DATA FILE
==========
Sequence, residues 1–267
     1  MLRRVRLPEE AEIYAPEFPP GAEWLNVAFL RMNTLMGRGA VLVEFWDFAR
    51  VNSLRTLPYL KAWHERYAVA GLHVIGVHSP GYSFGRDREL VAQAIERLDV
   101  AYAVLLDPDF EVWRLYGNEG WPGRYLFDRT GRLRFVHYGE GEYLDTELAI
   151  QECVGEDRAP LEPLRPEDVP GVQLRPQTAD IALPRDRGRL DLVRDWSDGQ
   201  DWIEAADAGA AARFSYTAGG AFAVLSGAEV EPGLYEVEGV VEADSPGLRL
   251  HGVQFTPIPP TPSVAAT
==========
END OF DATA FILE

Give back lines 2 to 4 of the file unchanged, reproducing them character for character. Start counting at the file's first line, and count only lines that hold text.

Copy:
     1  MLRRVRLPEE AEIYAPEFPP GAEWLNVAFL RMNTLMGRGA VLVEFWDFAR
    51  VNSLRTLPYL KAWHERYAVA GLHVIGVHSP GYSFGRDREL VAQAIERLDV
   101  AYAVLLDPDF EVWRLYGNEG WPGRYLFDRT GRLRFVHYGE GEYLDTELAI